My family is in the midst of many graduations. My #2 granddaughter just earned a BA in elementary education and is excited to be in the classroom. In May, my oldest daughter will receive her MBA and her daughter will graduate from College of Charleston. In June, my oldest granddaughter will finish certification as a pharmacy technician and her youngest sister will graduate from Aiken Scholars Academy and head off to college. It seems like a good time to reflect on learning.
About 30 years ago, the provost at Clemson University where I was an economics professor asked me to be the speaker for August graduation. Eight minutes was the allotted time. Lifelong learning, he suggested, would be a good topic. That invitation was like throwing the academic rabbit into the briar patch. I could do this. Lifelong learning lies the core of being an academic and most other professions and skilled trades as well.
I started my inspirational message with a story about my daughter Carla. When she was 15, she was keen to get a driver’s license. She passed the written test and practiced on the road, passing the road test on the first try. But, the test-giver warned her, consider this a license to learn. Many bumps, dents, and close calls later, she was a pretty good driver.
I told the semi-attentive graduates in waiting, consider your diploma a license to learn. You have demonstrated an ability to learn under the increasingly relaxed supervision of others as you progressed from kindergarten to college senior. Now you take charge of your continuing education. It is both a privilege and a responsibility to continue to let your body, mind, and spirit unfold and change with new experiences, challenges, and opportunities.
Yes, bodies. Bodies learn to ride bicycles, dance, play instruments, adapt to physical limitations, recognize symptoms and treat them, and grasp and respect one’s biorhythms and food sensitivities. Last summer, I had both kinds of body learning experiences while vacationing at the beach. It had been a while since I last kayaked, but the rhythm quickly came back. Learning to ride a three wheeled adult bike was much harder, because it meant abandoning the balancing habits of decades riding a regular bike. My body was unwilling to unlearn the habits needed to switch from two wheels to three.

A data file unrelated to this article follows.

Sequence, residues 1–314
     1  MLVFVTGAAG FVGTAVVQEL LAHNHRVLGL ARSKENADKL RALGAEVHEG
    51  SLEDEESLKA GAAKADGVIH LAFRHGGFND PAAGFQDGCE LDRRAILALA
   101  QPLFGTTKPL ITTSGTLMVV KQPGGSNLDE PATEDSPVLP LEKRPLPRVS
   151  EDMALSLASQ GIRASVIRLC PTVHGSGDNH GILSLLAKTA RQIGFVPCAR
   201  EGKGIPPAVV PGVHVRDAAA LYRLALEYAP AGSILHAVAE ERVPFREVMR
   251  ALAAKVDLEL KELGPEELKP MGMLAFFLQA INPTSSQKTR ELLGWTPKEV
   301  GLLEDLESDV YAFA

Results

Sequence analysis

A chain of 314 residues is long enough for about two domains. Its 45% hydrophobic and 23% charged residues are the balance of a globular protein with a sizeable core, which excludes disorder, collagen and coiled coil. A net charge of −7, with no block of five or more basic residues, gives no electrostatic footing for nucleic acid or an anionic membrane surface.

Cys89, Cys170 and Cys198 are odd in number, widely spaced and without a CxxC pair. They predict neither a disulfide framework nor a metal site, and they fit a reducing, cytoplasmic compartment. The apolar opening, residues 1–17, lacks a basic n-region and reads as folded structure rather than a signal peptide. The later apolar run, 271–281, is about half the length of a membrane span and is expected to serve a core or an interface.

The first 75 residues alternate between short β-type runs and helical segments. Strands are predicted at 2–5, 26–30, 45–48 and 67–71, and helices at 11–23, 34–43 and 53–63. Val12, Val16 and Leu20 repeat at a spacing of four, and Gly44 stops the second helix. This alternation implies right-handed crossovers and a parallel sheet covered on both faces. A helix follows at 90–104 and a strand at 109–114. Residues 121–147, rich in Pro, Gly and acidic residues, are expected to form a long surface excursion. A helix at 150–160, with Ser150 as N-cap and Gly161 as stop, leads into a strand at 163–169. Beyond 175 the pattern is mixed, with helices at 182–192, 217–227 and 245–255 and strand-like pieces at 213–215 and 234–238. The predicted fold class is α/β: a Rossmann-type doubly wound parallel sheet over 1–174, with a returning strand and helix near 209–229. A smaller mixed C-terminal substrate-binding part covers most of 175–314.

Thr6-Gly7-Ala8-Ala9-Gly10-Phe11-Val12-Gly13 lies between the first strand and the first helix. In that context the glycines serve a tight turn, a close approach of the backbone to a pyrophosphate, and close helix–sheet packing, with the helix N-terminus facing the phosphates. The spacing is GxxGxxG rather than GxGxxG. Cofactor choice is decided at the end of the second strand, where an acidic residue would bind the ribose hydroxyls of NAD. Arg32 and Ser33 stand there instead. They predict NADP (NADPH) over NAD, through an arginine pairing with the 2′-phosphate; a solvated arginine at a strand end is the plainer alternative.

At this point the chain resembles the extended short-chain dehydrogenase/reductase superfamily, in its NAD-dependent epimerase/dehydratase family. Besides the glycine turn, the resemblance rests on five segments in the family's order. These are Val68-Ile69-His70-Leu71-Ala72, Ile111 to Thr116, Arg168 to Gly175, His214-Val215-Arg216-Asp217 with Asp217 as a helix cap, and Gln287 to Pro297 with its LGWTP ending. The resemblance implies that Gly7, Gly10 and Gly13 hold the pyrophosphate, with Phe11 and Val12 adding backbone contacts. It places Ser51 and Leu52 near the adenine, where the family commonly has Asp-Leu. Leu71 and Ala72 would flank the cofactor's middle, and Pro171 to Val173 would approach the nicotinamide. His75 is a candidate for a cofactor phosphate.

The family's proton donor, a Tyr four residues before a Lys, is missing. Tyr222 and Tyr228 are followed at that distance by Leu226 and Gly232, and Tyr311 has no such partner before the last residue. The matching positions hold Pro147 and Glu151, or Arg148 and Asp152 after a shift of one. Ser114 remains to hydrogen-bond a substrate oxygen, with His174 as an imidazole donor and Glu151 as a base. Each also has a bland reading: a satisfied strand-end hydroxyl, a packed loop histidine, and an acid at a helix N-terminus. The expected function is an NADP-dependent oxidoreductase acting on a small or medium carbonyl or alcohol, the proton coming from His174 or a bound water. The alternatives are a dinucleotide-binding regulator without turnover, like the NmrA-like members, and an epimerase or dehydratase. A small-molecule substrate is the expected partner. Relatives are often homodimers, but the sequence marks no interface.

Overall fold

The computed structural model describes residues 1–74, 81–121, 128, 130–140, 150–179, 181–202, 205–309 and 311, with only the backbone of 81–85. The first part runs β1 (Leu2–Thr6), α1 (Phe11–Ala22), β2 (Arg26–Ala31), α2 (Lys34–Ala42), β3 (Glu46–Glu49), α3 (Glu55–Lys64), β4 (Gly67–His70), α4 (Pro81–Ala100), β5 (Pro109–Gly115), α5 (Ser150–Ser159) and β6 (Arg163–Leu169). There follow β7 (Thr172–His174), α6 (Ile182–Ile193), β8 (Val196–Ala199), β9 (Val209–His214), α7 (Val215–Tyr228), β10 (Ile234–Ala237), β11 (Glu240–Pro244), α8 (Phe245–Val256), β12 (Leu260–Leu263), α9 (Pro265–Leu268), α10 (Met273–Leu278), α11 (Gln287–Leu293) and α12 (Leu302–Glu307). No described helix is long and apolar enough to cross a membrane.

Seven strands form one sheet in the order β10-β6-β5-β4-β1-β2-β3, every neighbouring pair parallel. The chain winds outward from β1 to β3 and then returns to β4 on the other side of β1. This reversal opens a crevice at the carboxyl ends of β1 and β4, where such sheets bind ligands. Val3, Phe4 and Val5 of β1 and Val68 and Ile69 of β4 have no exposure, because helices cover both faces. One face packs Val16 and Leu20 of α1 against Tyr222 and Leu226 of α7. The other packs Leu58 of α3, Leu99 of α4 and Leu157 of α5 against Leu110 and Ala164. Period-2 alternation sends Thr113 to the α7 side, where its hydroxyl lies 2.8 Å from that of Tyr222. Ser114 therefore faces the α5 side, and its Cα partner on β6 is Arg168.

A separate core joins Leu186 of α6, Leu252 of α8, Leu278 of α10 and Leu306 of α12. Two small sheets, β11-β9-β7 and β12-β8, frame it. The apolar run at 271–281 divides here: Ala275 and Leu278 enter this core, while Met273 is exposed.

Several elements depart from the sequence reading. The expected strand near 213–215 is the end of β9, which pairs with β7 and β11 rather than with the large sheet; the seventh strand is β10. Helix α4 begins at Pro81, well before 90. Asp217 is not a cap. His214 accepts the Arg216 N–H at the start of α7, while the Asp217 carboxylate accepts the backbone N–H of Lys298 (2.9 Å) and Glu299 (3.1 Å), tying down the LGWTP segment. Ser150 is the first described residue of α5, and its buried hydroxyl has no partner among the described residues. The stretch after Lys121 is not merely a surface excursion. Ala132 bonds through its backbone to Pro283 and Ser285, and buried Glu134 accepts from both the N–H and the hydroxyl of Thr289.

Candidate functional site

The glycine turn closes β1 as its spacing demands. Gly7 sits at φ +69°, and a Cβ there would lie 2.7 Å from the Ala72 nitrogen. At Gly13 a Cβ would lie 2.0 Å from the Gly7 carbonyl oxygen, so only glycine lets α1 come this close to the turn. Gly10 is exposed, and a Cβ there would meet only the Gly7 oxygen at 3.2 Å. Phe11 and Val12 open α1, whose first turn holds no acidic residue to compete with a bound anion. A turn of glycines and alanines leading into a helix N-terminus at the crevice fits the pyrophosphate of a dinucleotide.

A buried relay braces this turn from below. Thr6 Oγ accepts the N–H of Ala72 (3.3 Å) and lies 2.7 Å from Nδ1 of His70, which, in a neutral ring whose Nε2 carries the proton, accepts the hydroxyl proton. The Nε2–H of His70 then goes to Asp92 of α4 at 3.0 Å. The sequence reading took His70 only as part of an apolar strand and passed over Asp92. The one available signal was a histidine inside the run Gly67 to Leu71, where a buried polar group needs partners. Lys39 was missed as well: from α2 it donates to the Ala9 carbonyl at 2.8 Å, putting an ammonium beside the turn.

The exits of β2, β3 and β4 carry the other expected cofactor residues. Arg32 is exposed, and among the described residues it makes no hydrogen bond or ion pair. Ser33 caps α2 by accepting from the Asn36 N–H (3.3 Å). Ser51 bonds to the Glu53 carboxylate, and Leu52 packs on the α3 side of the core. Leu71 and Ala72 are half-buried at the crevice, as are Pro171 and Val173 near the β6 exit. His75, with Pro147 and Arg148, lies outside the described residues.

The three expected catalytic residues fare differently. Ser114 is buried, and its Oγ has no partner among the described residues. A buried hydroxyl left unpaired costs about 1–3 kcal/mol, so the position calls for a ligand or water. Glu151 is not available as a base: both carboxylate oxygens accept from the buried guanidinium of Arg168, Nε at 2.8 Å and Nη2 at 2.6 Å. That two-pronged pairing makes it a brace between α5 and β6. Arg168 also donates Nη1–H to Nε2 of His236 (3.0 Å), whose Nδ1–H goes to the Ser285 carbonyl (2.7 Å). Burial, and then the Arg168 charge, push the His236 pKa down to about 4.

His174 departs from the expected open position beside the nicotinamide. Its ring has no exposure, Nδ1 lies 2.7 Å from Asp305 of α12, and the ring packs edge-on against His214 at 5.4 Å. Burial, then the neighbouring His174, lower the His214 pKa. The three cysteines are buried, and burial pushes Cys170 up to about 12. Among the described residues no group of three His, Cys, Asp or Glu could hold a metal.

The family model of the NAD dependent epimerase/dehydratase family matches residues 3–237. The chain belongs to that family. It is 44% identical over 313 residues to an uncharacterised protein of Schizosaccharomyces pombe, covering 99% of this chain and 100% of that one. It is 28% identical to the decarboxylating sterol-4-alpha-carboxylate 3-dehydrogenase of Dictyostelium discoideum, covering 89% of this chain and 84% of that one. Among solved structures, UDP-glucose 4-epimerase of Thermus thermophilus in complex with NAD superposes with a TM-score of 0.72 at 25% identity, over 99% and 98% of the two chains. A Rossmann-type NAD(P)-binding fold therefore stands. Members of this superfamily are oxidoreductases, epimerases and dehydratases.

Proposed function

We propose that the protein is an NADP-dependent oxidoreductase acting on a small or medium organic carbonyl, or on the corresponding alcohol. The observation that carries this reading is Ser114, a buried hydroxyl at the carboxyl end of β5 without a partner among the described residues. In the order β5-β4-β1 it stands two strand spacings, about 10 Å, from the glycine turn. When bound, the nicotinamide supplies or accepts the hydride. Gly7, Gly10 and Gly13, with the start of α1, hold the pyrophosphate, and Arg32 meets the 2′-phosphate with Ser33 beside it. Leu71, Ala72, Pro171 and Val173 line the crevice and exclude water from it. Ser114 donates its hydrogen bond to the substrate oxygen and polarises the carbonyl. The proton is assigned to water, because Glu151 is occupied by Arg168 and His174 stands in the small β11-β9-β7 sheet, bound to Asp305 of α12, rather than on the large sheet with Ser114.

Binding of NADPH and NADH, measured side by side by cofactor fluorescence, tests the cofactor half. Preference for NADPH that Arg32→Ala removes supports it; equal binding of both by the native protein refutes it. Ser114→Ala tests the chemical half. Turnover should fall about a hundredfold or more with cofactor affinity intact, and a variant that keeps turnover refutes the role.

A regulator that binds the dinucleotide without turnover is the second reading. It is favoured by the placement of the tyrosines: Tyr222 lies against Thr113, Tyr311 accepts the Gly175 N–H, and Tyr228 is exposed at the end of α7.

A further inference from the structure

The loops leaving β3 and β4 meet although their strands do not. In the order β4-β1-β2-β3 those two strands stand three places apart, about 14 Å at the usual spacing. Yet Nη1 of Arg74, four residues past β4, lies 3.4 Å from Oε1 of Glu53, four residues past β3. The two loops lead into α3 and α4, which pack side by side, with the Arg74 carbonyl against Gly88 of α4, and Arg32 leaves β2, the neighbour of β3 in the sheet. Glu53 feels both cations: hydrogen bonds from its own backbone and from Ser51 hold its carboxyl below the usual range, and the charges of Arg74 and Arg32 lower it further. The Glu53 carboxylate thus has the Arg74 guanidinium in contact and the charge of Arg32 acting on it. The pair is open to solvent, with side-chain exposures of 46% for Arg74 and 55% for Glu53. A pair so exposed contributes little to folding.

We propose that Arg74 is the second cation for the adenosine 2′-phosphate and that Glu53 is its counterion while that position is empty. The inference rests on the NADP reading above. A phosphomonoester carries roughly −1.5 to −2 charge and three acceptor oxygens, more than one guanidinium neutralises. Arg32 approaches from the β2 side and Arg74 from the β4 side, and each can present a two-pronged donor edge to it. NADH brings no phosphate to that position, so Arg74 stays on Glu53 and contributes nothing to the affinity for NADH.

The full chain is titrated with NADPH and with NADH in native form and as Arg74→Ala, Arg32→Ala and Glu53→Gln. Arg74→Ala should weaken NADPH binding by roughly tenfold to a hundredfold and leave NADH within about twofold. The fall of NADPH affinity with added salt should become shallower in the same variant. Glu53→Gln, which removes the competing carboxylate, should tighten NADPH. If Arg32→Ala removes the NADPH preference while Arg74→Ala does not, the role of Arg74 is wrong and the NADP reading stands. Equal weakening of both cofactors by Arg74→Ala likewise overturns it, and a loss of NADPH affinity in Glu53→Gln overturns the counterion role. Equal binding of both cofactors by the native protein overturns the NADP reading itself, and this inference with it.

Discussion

The spirit learns to be present, to be mindful, to connect and relate and care and be cared for, to be at home in the universe. Sometimes spiritual learning is experiential, while at other times it relies on the guidance of a mentor or other companion along the path. Mind learning takes familiar forms—workshops, lectures, continuing education, short courses, reading.
Body, mind, and spirit all learn from both formal instruction and direct experience. My exercise class has helped me identify what muscles I am using and how to care for them, but I also learn by my own regular practice. Direct experience of mystery and wonder is supplemented by being part of a faith community that attunes me to the care of the spirit. My mind is always open to the stimulus of stimulus of travel, good conversation, and a good book.
As the years pass, you may find yourself becoming a teacher of some sort. Teaching is a good way to grow, because it requires us to become aware of what we have learned. I never felt a fully mastered a skill or a concept unless I could successfully teach it to others. Like learning, teaching takes place in many formats, not just in classrooms. Parents, youth leaders, coaches, and extended family members offer plenty of informal teaching of skills, values, and ideas.
Some things get harder to learn as we age. Technology is one. Foreign languages are another. But age also brings a certain amount of wisdom learned from decades of making mistakes, listening, observing, and processing. Sometimes we can share wisdom to help someone navigate obstacles in the wisdom process. Other times, we must let our friends and loved ones acquire wisdom from their own painful but growing learning experiences and be there to offer caring and comfort when it happens. Whatever learning challenges and teaching opportunities may lie before you, Yoda would say, may the force be with you. May the journey be challenging enough to help you grow in wisdom but not so challenging that you give up in despair. May you find be joy in your lifelong search for truth and meaning.